Crsackers, Sago, Tapioon, lacca~roni, Yecast
P'owders, 11cps, Boda, Cream Tartar.
Jan~d. 21, B. E.CAR.

BOC"" hadB and for, sle, liq ors fte

, -,,ha y, oncBady isn&
AmercanGinPur N.E Ru, S.chiedmAr-

aa~ 2 > , laiea ine, Serr Wirne

Itrh Fa so- of th best rd,i suc as St ,
Juiclienu, Catlan, Lin, n LvurueAe
Phort, er. orials, of the Cheatdirnd, Souh-

Mllr.8. E. CAlRI.

{^((0LLE E'8MBAd En Au-
t5 use before the on t House in the
so muchthereofaswill pay the state updcount7
I es njeez eatherneon for tl
the undivided hair or a tr set or land situatea on

sr e 3a/e so r reaf
futt ndL 1 ddl> le)11 na adandBSpu h by
62 of T. 5. S. R. 29 E. and according to the
government surveys containing 1,185,94-1000
acree. The whole of said tract has been here.
tofore assessed to Wm. Travers,
A. D. ROGERO, Sh'fl & Ex-off. Tax.

an.-PIs r 4collector st. JoImscounty.


T.II. Chambers. Plano Manu"
Dubois & Stodart, and Dubois
(Formerly Bacon & Chambers.)
o I t ee ea 1 re an ,
NEW YO11K GITY. aders

it I e t 1, paf$eitOsatis-

hy ra culpr, reith dacription of

We $8,1@

A EH'o "'fr.'";""'Og
B. E. CARil.
March 81-1880.

offered*to the Trade as less prices thanCustj oth-
er house in the city. Send for my ogue
of articles aud)yr e dollar by mail, I will
forwardtoanyaddressa beautiful set at Pold
n and Sleevde uttons. ord o. o( M
La eorBreast ,,. ,...3 1 .. v. -, either.
.. ... ft .. 0 -11 1 *r any , T. face
watch; or for 823, a Fine Gold Haint.ingCase,
Lever Hatch, warranted to keep good time; or
for $10, a Fine Gold Vest Chain; Mr for 86. a
line Gold Neck Ghain, as anmples of anyof my
goat.s. Young men out of .. u-- I *.*,1.]
not do better than Invest, a
Jewelry, and dispose of it through).he country.
MOSES K: GLINES, Wholesale Jeweler,
SOS Broadway, 1%T. Y.
Aprill4----1860. 46.
AEDINES, Anchoves, Copres Ol jARE,


fro I ER IRON,

Bushels Corn fr.' I ...: 0 - T 1 E .
ox Oats, 200 1 fi >. L u. i ..a
U. 6 > Lard @00 Packages,
clash 2 --18 0. B. E. CARR,

AUSTIN A 11 G U NI Retail per,
Gallon $150 Lamp hick, Shilds, at reduced
rices also Fluid, Sperm Oil, EE .2 e.,,, ,, ,
co.,torSaleas BL *...fts .
Maron 01-1860

ERitim@re PFOVISioBS

Por Sale at OATS #CO. B. E. CARR

szTnr~ Sof LA a.owo,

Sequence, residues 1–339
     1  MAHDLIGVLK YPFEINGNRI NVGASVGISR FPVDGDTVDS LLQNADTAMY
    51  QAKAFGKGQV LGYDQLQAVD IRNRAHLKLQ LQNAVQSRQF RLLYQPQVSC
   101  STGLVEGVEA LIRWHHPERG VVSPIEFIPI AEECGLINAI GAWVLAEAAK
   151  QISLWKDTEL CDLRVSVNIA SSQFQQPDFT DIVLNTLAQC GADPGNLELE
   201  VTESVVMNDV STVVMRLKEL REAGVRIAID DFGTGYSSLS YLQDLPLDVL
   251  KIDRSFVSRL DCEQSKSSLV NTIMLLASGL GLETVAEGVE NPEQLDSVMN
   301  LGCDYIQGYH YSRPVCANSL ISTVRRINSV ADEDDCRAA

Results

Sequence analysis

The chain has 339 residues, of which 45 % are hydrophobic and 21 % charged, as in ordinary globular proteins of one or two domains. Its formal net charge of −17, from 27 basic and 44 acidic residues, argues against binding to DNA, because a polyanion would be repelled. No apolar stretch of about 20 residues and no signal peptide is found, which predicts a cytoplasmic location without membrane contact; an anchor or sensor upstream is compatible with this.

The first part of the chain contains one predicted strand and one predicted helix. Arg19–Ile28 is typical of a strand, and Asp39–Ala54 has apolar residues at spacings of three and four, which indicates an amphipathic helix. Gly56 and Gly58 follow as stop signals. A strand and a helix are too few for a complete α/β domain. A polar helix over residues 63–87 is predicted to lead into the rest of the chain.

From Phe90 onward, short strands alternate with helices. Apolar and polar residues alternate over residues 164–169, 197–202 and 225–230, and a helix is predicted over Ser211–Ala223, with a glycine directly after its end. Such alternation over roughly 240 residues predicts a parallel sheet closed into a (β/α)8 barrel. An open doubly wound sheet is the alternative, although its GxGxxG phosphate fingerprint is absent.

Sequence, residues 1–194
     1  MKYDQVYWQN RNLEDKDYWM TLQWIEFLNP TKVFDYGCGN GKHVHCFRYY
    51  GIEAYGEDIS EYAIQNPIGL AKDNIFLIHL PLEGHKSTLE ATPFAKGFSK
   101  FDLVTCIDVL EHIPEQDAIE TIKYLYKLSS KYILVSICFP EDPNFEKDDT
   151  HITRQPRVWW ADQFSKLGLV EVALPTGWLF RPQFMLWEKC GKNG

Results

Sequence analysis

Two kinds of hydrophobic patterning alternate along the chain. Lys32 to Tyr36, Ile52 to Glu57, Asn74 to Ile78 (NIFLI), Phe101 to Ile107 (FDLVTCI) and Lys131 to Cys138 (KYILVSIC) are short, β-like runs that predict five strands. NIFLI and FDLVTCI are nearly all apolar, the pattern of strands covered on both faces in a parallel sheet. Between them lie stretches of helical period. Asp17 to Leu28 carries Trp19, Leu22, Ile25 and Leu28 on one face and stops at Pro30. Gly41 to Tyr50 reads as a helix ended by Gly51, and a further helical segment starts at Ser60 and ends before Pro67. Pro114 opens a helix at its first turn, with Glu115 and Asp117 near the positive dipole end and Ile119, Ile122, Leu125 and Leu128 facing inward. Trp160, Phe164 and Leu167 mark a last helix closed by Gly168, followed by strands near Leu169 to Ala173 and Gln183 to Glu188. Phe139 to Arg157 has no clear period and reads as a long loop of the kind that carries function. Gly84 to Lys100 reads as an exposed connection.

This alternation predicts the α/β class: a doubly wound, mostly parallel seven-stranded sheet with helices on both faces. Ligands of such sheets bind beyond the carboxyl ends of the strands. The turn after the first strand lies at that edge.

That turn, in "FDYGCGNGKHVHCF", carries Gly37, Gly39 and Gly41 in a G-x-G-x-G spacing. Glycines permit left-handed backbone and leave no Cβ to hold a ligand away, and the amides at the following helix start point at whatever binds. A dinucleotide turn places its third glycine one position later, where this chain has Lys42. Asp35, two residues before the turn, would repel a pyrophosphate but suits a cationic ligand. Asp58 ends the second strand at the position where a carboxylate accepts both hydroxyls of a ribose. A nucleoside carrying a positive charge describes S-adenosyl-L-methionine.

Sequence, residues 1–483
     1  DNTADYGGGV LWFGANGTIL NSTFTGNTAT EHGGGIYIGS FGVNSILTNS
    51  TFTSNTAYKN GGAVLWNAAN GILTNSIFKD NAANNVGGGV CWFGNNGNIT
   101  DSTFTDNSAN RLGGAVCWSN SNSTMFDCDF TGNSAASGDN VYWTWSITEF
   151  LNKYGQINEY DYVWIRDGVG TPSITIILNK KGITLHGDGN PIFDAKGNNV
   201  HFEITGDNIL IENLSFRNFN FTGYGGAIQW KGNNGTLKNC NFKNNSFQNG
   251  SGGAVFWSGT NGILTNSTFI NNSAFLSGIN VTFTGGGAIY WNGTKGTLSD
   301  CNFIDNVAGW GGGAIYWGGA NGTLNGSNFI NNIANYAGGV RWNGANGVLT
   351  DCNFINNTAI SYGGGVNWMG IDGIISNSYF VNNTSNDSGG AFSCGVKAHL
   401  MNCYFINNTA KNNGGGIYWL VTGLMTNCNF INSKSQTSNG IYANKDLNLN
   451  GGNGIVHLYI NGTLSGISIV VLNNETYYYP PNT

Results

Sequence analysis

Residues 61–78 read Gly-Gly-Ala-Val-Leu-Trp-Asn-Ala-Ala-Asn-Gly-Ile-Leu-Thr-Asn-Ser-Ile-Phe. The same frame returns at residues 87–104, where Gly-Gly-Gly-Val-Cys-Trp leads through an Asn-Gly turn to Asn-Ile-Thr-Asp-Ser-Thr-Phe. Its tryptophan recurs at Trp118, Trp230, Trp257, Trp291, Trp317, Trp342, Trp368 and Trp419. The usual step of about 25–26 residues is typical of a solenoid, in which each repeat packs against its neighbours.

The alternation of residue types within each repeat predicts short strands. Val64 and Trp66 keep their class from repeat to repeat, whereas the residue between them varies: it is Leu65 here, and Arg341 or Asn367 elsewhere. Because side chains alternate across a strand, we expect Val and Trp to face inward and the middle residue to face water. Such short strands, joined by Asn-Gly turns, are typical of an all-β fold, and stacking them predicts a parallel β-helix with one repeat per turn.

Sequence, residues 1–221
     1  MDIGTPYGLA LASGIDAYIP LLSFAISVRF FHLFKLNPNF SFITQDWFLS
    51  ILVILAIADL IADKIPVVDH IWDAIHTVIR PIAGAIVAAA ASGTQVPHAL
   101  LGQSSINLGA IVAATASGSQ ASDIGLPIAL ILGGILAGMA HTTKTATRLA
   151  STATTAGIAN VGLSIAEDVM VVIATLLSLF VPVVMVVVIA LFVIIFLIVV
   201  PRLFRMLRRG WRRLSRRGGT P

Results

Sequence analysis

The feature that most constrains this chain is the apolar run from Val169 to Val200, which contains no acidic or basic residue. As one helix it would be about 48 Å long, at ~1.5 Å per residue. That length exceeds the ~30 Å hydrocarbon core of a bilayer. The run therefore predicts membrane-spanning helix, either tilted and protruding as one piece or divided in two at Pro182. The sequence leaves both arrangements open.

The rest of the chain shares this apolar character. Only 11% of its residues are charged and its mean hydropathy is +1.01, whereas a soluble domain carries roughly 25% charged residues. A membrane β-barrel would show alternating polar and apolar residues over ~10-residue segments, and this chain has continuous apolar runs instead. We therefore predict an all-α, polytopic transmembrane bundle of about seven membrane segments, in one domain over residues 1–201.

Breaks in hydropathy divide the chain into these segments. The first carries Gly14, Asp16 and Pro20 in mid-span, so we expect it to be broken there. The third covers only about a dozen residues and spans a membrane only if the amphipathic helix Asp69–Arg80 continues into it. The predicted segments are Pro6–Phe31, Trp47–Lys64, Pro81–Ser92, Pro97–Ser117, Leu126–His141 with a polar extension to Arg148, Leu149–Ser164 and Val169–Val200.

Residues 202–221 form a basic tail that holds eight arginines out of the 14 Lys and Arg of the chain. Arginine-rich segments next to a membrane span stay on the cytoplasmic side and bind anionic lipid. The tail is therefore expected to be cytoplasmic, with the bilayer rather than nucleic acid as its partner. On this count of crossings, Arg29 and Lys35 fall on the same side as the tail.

for a sssin o ten m~onth. Intrcton wll
b~ae giv l. .Nlancl I ghr ate-
I9n ii. .y2,1 9

Esr Ol olF 1854.
( ToABLIHE ) 6
Annouince tha, havnrgme great imroe-

my g, 61e M, o tlCe Mrst and of May

t to I es
to wit: a Lot opposite B. E. Carr a store; a Los

.ti"," ,o"t'o ',"

,9abo Tna iss o olk nof pr ot-
P. B. UMAs, Ageny.
Nov. 5.

"^f..WLLEoeME u18A Ear
in Enterprise on the first Mondefof
June next, the .following property, or

muchy nd xp sesP e re r
year 1859. by the heirsof De Fongers, to wit;
Ope thousand Acres of land, North of New
Smyrna, bounded North by Ormond's lands
I by Dununett's, East by the river, West by

Tax Collector ofVolusiaCounty,
The above, sales for the. purpose of perfect-
ingthe title,
Nov.12 P. B. DUMAS, Agent.

y 1113 *
4 1 99

Fwr11 nes, loyc 2 t g I er
SAVANNAH Steamers.
Conveyances always in readiness awaiting ar-
rivals. Distance 18 miles; Time, 8 hours.
; Arrivals and Depar a mharleston twice
a week-Everglade, via Savannah. Caroll-
And Savannah-81"Jobu's, St. Mary's, inland
direct.. .5.. 1 ?"" 1 .1 :, up the River Fa-
Intha, a a . .., Saturdays.
N. hENRY, Proprietor.
st. Augustine-
0 A ,

$200 000 -
CIHces-237 BROADWAY, and

This Company Insures Euildings. Merchant
dise, Ships, and their Cargoes, in Port, House
hold Furniture, and Personal Property
JOSIAll W. BAKER, President.
JOHN BODINE, Vice President.
WM. JAFFARY, Secretary.
Agent, St. Augustine.
June 21

.430 $1 00
1.209 08 4 85
833 1 00 12 00
706 1 25 17 70
850 2 25 26 47
300 87 ER 00

Reliable or lors from the Trade, by Mail or
Telegraph, filled, on appliention to
AUSTENS, Agents,
03 Pearl Street, N. Y.
Kerosene is also to be obtained at tLo Man-
u re rers' Pric of all ttl Ne York Whole-

" B. A ROSENE is th t <
mark of the Kerosene Oil Co., and all
persons are cautioned against using the
said trade-mark for other oils*
Oct. 15. Sm

RUNig gy ELAX, y, ,
TAKEN up and committed to jail
in St. Johns countyas runaway
about 50 yearsof we <#yellow
ish complexion 5 l...r I. inches
high. Says his name is Jack. ITa is clothed in
blue homespun pantaloons and a rugged negro
elothjacket. Hesayst.hathewaslastownwaby